Current Update

Current PFP news

July 2019

Sponsors Needed!

PFP has three children in need of sponsorship at the moment.

Click the photos of the children below to learn more about them! If you are interested in becoming involved with PFP through a sponsorship please send an email to:


We are looking for one $85/month sponsor for Elvis

Harriet Awuma

We are looking for one $125/month sponsor for Harriet (or TWO $65/month sponsors)

Ojok Jacob

We are looking for one $125/month sponsor for Ojok (or TWO $65/month sponsors)

Please contact us if you have any questions regarding these opportunities-

Back to School

Everyone has been back at school since the beginning of June. The days at school are long but everyone is up for the challenge. For senior level students, morning preps begin at 5am and the last class ends at 7pm. Talk about working hard for a future!

Ajuna is off to pharmacology school!

Our AJ (Ajuna Emma) has just made the leap from secondary school to pharmacology training at the St. Elizabeth’s Institute of Health Professionals in Mukono District. After considering options long and hard, he decided his passion lies here and he’s jumping right in. First day of school begins July 15. We are so proud of this young man! Will keep you all posted on his progress.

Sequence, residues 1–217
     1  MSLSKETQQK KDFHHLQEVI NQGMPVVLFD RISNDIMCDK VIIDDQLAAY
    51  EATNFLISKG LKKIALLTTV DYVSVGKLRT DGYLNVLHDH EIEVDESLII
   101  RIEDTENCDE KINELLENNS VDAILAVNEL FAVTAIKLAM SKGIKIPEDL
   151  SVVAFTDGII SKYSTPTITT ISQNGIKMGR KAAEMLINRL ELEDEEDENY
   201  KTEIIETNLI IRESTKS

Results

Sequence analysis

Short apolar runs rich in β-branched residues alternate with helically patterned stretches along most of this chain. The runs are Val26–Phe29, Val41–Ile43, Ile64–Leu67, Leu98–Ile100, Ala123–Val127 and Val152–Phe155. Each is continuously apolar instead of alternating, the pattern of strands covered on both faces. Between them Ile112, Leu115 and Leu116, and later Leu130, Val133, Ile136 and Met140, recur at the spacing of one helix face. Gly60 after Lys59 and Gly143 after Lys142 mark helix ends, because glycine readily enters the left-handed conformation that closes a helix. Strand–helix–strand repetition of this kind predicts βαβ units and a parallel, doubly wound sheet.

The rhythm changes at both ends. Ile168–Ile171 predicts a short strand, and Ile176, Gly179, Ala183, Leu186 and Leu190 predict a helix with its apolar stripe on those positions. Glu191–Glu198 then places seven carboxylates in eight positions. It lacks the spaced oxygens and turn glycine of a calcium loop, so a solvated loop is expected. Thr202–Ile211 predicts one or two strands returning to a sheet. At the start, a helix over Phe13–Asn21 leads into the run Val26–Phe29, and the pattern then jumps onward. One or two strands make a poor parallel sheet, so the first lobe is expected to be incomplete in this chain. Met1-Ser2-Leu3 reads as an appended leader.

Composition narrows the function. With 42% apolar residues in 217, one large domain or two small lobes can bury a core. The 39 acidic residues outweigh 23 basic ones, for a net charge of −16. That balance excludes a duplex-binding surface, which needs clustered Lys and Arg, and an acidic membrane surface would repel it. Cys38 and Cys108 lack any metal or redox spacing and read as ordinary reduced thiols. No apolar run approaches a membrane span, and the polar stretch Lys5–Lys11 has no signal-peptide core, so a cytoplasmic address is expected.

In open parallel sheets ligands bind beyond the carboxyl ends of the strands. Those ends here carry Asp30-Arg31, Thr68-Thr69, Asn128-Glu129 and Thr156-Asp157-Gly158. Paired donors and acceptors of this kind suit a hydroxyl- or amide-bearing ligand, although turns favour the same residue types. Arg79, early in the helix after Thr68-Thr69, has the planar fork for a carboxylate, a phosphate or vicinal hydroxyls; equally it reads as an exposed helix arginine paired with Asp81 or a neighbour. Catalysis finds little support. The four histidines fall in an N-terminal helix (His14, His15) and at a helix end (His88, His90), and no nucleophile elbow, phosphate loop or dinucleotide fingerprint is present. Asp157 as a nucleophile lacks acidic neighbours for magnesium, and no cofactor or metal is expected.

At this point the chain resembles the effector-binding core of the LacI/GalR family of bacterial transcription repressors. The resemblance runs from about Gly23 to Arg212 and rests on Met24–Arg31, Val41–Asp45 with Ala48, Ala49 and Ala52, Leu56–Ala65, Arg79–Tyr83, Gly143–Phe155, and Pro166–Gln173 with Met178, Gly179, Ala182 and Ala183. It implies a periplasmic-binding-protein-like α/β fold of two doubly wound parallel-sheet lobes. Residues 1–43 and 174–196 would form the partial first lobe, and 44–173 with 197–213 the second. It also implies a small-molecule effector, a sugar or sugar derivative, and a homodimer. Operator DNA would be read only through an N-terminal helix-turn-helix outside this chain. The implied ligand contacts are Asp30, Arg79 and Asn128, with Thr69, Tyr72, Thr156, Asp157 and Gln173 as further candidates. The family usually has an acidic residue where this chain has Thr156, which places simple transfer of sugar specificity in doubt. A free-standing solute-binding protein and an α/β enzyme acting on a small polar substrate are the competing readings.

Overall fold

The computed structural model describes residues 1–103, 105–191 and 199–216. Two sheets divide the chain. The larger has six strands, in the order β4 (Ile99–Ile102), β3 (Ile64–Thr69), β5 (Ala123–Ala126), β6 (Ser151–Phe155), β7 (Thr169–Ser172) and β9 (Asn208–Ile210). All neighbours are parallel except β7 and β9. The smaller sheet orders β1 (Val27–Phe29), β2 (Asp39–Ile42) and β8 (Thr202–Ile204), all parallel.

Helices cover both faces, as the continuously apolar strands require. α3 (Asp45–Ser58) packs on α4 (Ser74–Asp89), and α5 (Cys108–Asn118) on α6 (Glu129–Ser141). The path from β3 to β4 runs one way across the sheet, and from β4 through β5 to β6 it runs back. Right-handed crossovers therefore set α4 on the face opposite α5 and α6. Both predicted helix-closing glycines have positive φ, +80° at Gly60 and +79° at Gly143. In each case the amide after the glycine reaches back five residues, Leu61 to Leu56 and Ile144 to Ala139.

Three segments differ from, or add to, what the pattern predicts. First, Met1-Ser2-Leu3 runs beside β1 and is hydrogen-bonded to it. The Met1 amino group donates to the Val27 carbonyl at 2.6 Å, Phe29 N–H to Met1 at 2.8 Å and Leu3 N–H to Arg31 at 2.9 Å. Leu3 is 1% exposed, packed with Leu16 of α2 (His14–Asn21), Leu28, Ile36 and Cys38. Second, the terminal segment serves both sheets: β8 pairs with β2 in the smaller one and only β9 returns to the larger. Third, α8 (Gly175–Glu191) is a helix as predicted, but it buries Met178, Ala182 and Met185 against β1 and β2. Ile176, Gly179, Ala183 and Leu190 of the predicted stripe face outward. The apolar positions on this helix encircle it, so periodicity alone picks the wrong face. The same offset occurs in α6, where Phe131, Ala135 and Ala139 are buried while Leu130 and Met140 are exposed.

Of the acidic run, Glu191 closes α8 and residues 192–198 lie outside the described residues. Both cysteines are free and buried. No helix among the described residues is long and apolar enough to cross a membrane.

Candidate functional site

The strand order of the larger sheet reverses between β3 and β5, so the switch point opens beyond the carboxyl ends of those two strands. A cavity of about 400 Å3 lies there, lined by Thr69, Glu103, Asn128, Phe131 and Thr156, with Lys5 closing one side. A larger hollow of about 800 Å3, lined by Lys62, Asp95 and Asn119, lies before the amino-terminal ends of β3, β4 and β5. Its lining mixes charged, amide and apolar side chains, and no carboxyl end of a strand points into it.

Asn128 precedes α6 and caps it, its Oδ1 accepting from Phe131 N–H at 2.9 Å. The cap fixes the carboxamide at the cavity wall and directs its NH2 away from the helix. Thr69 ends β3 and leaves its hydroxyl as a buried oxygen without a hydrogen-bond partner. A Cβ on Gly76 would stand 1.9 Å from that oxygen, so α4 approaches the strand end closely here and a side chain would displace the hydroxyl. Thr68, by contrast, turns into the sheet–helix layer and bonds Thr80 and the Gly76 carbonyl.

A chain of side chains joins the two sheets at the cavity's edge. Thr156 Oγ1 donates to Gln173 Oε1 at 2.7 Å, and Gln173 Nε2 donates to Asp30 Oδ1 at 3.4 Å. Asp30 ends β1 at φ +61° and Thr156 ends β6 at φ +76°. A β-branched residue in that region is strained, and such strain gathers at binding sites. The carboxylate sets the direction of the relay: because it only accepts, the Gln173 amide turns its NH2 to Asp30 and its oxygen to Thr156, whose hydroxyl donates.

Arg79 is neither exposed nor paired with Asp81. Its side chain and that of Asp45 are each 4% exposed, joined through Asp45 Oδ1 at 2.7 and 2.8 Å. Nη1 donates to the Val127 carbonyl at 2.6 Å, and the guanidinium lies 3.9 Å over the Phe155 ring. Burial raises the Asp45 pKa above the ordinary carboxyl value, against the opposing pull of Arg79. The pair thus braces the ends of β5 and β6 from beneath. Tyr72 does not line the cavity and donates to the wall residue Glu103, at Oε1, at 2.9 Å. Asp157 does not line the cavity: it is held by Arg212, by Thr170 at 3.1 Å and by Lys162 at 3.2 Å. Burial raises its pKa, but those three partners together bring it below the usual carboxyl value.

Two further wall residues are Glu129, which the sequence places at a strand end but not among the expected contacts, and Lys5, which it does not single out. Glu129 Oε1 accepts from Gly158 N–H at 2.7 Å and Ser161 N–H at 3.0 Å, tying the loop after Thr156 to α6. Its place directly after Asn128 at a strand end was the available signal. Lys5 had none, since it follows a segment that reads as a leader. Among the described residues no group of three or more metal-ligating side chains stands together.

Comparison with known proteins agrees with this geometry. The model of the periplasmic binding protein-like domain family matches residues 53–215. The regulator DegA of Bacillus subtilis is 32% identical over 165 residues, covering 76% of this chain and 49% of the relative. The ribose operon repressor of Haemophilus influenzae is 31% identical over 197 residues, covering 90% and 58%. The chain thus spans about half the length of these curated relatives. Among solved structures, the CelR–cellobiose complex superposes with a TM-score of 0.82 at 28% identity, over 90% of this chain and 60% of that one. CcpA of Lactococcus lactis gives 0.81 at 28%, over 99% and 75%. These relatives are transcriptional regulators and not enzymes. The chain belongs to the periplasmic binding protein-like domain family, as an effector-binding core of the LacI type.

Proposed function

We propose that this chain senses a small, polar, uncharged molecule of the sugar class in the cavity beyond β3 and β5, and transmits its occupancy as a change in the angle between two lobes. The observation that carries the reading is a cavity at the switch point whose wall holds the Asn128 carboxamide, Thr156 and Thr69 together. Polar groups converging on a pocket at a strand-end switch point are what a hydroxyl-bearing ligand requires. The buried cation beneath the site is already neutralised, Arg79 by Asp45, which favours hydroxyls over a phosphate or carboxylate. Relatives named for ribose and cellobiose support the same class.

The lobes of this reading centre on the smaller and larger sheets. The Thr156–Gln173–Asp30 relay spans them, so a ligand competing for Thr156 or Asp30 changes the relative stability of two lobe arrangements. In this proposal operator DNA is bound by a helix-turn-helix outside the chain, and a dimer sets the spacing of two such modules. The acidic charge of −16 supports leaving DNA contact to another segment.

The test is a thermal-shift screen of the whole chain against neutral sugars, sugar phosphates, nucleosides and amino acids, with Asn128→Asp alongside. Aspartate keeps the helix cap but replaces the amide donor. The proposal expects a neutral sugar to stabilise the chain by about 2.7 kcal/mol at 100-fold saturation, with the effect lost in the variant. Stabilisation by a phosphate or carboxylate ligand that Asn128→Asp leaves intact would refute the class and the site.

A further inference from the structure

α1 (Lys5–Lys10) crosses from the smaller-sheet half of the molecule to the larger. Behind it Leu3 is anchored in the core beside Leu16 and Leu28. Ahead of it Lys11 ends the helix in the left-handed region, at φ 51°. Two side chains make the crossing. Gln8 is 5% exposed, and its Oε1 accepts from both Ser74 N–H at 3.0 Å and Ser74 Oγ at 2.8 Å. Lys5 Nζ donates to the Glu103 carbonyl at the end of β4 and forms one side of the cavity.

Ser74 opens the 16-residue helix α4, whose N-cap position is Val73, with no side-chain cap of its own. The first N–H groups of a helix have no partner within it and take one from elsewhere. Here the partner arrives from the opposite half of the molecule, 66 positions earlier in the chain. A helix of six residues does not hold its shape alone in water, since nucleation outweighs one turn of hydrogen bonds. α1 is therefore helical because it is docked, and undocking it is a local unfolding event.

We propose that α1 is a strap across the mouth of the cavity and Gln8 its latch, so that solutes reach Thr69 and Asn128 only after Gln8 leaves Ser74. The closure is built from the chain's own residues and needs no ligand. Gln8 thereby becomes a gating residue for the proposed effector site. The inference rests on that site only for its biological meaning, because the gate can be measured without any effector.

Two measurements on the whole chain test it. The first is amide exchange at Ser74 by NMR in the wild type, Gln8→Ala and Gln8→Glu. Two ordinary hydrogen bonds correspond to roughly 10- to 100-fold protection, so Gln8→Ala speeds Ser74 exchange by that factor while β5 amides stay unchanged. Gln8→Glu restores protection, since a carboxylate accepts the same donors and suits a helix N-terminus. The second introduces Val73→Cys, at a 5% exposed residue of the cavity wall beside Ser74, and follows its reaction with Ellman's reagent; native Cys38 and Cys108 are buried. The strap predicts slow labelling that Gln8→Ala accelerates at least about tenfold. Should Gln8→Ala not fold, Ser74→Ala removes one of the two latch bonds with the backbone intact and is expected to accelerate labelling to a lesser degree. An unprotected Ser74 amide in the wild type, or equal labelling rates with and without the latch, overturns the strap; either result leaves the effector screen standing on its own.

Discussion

Trade Schools

Although many of our children are still in primary and secondary schools, a handful have made the switch to trade school and we couldn’t be more excited about what lies ahead for them.

  • Allan is taking a Certificate Course in Electrical Engineering
  • Lilian Onyang is taking a Certificate Course in Hair Dressing and Massage
  • Rose is taking a Certificate Course in Hair dressing, Pedicure and Massage
  • Hawa has just graduated with her Certificate in Hair Dressing and is renting a chair at a local salon while she finishes her internship.

Birthday Celebrations

As usual, we always take the time to make every child in our program feel special on their birthday. Happy birthday to our July birthday girls and boys! See below for pics of our June celebrants!

  • Alyat-July 6th (15 years old)
  • Sharifa-July 7 (11 years old)
  • Gloria-July 8 (17 years old)
  • Shatra-July 9 (7 years old)
  • Lotukei-July 10 (22 years old)
  • Kafero-July 13 (8 years old)
  • Morgan-July 17 (6 years old)
  • Rebecca-July 18 (9 years old)
  • Noah-July 22 (12 years old)

Annual Strategic Planning Session